Ongoing health problems have prevented her from hosting big events or fundraisers, but by continuing to hustle online, she’s managed to raise £20,000, encouraging friends, family and complete strangers to fundraise on the charity’s behalf.
Wigs For Heroes has also had sponsorship from Macmillan Cancer Support, who helped Foncette during her treatment. Macmillan gives out clothing grants to cancer patients, if, for example, they’ve lost weight during treatment or need to buy new items such as bras.
Longterm, Foncette’s goal for her charity is to offer grants to women struggling to access the right wigs for them. Wigs For Heroes has partnered with the shop, Hair to Ware, so staff can identify people who may be in need of a grant to buy their perfect wig. Patients can also apply for a grant via the charity itself. Grants will be up and running by the end of 2020, while Foncette irons out the details.
In the meantime, she’s using her platform to provide information about wigs and fashion during cancer treatment, with a weekly Instagram Live, hosted with the shop. From the first week of October, she’ll also be running Hero’s Coffee Club – an online meet-up for people shielding or those with cancer, who need a bit of extra company during the pandemic.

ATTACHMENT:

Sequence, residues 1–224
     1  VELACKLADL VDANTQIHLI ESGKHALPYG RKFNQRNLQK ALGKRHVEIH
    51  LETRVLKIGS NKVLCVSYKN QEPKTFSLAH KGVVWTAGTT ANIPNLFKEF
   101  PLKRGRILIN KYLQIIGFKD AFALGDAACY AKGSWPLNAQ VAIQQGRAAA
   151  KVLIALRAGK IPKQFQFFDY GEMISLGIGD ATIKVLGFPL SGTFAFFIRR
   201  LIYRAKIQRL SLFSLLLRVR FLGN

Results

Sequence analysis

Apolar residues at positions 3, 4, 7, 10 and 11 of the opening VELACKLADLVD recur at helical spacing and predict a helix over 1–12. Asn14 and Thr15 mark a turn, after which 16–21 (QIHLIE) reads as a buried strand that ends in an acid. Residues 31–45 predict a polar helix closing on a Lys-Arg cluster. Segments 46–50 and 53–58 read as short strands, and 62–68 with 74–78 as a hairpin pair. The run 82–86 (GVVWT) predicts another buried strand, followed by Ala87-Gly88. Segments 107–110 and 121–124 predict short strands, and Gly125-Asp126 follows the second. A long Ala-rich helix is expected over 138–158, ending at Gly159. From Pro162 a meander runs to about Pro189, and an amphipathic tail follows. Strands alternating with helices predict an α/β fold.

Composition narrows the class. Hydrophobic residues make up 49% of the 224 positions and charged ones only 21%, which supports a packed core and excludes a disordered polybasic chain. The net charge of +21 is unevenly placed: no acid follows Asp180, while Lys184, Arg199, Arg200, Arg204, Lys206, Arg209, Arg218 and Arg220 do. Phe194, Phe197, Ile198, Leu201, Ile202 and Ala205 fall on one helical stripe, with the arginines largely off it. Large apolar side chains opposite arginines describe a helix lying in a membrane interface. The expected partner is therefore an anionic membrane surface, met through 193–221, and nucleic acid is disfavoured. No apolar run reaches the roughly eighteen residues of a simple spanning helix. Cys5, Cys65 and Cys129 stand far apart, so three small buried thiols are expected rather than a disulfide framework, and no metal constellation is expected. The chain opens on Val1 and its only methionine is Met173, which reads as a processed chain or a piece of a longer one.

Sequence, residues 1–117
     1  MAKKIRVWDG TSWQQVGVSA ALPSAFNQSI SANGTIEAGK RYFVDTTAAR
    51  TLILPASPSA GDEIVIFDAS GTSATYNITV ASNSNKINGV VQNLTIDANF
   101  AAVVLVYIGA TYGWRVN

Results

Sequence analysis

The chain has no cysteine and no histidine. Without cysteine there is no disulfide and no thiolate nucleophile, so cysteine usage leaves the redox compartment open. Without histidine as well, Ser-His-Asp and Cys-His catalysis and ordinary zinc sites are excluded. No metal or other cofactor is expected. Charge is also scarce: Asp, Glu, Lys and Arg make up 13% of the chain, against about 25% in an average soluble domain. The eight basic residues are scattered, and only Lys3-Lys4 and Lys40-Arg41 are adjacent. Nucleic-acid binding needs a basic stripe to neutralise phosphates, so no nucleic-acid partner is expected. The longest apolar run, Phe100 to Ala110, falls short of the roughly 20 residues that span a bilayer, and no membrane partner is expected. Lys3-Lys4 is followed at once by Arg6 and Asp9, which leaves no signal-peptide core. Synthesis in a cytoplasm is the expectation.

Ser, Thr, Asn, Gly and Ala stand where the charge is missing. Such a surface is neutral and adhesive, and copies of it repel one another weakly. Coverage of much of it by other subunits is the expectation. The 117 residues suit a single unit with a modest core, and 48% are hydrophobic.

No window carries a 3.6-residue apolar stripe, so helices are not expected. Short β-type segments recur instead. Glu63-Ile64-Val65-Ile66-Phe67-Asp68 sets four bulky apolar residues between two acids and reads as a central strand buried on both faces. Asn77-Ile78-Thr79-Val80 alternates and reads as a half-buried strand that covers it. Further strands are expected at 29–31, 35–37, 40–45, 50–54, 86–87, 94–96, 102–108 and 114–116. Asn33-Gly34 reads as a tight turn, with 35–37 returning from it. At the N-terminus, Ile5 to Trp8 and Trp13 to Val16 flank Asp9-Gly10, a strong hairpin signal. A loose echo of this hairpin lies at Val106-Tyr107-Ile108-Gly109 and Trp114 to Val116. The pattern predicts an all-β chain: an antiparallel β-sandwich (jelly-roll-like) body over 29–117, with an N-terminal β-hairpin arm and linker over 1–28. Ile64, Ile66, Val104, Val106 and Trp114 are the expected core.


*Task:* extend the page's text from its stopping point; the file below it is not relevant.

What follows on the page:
Foncette is in talks with her old hospital to run a partnership – her dream is for a selection of high-end wigs and information about the charity to be displayed in a glass cabinet in the hospital, rather than crumpled in a box, so the prospect of wearing a wig is less scary for patients.
Looking good is part of feeling good, adds Foncette, who firmly believes great wigs can help those on the road to recovery.
“When I lost my hair, it was a process of self-discovery,” she says, “it was finding out who I was again. Shopping became... not exactly my therapy, but the thing I could go to for happiness.
“It’s about empowering people and making them feel a bit better about themselves, and not letting them feel that nobody is on their side.”
Help Macmillan be there for more people like Kaz by hosting a Coffee Morning this September. Whether it is a socially distanced or virtual get together, Official Sponsor Zalando has got your event style sorted. Find out more at coffee.macmillan.org.uk.